• Despite the cancellation of the N.C. Mountain State Fair, the WNC Youth Livestock Expo took place in September at the WNC Ag Center in Fletcher. Local winners included Beulah Crain of Buncombe County for champion standard chicken, Haley Hargus of Henderson County for champion wool breed sheep and Cole Williams of Haywood County for grand champion Angus beef heifer.

Follow the money

  • Conservation projects in the Xpress coverage area netted nearly $1.44 million from the N.C. Land and Water Fund, formerly known as the Clean Water Management Trust Fund. Highlights include over $625,000 for land acquisition in Transylvania County’s East Fork Headwaters, $310,000 for land at Pinnacle Park in Jackson County and $131,000 for work at Asheville’s Mills River water treatment plant in Henderson County.
  • The Clear Creek Greenway in Hendersonville was awarded $376,000 from the N.C. Parks and Recreation Trust Fund. Once complete, the path would connect the Carolina Village retirement community to the existing Oklawaha Greenway.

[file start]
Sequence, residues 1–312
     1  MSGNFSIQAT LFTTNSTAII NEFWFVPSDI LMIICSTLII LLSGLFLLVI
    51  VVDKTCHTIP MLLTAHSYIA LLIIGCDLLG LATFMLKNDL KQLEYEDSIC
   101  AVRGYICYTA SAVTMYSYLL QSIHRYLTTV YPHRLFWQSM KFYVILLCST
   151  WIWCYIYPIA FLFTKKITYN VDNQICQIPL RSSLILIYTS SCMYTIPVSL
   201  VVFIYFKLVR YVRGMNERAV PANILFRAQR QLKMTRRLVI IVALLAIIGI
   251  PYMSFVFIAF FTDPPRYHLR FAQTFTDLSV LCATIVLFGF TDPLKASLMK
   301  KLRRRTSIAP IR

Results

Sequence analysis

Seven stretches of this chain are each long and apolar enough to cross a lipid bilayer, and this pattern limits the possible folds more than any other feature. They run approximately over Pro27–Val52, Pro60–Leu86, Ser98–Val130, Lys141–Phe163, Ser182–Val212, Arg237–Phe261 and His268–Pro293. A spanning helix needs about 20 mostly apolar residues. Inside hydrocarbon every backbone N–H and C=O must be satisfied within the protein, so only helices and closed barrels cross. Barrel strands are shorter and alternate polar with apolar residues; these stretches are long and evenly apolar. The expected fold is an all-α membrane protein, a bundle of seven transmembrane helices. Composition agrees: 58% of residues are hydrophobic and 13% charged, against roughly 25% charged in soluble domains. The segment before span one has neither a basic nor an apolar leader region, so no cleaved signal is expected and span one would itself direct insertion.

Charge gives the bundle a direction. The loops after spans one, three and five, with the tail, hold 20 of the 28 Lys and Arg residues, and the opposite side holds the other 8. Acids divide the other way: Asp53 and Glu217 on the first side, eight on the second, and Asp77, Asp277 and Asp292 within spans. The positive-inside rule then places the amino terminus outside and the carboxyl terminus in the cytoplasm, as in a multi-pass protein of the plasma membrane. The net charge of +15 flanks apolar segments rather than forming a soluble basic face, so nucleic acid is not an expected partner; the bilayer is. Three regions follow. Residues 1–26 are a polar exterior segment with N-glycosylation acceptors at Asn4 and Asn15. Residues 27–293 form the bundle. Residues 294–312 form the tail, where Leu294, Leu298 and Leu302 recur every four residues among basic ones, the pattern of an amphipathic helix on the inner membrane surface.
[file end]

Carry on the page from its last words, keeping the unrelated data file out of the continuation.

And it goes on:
• The Organic Growers School received a $25,000 grant from the Community Foundation of WNC to support local farmers. Early-career growers will receive “advanced education and mentoring services” to help them build sustainable businesses.
  • WNC farmers looking to diversify or expand their operations are encouraged to apply for grants of up to $6,000 from WNC Agricultural Options. The application deadline is Friday, Oct. 23; more information is available at

Save the date

  • Guests can soon howl alongside the wolves at the WNC Nature Center. Adult-focused educational presentations on the predators take place Friday, Oct. 16, and Monday, Nov. 9, with a kid-friendly version Friday, Oct. 30, all from 6-8 p.m. Tickets are $30 for adults and $20 for children. More information and registration at
  • UNC Asheville holds a virtual teach-in on climate science, impacts and solutions on Tuesday, Oct. 20, noon-1 p.m. Students, faculty and community members will cover topics such as carbon pricing and resilience planning. More information and registration at